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Background

Designers, Engineers, and Computer Scientists create solutions that solve problems every day. In this Parade Float unit, students will use the Engineering Design Process to solve an authentic problem. Students will explore how to design, build, and code an autonomous robotic parade float to navigate through a maze that mimics the real world obstacles of a parade route.

What is a parade float?

A parade is a large or small group of people who walk together and are often dressed in costumes followed by marching bands and floats. A parade float is a decorated platform, either built on a vehicle, or towed behind one. Parades are often held on a holiday or to honor someone, and are usually a celebration of some kind.

Countdown to Launch of Jet Propulsion Lab, Celebrating 50 yrs of Space Exploration, Rose Parade Float
Countdown to Launch of Jet Propulsion Lab, Celebrating 50 yrs of Space Exploration, Rose Parade Float

Iteration

Iteration is defined as the act or process of repeating.  For our purposes, iteration is the systematic, cyclical design loop in which products are planned, built, tested, and improved until they effectively solve an engineering problem. Iteration is the part of the EDP where products are prototyped, tested, refined and prototyped again until they meet the criteria established by the design team. To iterate is to improve your product design.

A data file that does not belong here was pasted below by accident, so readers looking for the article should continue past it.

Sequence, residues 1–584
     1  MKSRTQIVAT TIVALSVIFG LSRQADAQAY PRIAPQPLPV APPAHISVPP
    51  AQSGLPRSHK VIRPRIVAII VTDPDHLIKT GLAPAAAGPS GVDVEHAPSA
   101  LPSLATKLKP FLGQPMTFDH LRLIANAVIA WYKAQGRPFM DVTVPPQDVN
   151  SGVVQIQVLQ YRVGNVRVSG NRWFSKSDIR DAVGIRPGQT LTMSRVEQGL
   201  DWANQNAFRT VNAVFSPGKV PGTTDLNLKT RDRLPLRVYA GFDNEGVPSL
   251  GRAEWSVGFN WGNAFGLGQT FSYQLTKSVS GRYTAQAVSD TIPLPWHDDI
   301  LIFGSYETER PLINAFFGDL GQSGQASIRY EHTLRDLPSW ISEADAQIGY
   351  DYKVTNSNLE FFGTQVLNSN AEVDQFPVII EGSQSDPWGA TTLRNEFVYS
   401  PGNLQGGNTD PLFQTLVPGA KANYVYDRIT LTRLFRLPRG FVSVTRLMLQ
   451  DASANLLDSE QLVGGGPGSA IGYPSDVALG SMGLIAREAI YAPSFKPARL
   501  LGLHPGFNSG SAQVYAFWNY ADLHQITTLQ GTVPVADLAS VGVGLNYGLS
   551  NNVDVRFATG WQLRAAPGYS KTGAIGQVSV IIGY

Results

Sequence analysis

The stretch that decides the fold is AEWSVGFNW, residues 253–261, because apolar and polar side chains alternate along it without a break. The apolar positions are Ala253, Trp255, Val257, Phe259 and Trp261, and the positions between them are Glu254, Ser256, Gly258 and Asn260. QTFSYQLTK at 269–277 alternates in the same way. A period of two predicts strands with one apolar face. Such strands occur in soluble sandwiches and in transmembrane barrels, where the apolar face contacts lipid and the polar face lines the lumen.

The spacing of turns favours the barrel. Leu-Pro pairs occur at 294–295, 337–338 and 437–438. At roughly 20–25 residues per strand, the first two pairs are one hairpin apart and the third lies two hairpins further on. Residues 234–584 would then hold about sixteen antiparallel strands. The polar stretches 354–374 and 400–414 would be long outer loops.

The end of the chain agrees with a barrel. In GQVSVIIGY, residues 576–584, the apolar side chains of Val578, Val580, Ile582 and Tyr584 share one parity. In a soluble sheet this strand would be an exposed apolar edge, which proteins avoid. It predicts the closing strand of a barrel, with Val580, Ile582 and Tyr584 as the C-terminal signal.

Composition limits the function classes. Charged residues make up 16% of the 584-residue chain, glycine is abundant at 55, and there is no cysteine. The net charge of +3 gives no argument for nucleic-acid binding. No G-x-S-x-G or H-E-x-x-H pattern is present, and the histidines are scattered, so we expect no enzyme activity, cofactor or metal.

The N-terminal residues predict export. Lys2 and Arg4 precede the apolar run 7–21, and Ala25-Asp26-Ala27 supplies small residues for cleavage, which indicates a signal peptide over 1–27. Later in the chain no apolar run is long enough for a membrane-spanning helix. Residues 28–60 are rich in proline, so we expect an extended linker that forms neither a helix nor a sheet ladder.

In this unit, students will bring to life the first design of their float, engage in discussion about the design and how to improve it. They will make modifications, test and refine again, repeating this cycle, or iterating, until they are satisfied with the design and it meets the project requirements.

The Engineering Design Process

Students will use the Engineering Design Process (EDP) to design and build a spaceship and a Mars base. The EDP is a series of steps that engineers follow to come up with solutions to problems. Often, the solution involves designing a product that meets certain criteria or accomplishes a certain task.

The EDP can be broken down into the following steps: DEFINE → DEVELOP SOLUTIONS → OPTIMIZE.

  • Defining engineering problems involves stating the problem to be solved as clearly as possible in terms of criteria for success, and constraints or limits.
  • Designing solutions to engineering problems begins with generating a number of different possible solutions, then evaluating potential solutions to see which ones best meet the criteria and constraints of the problem.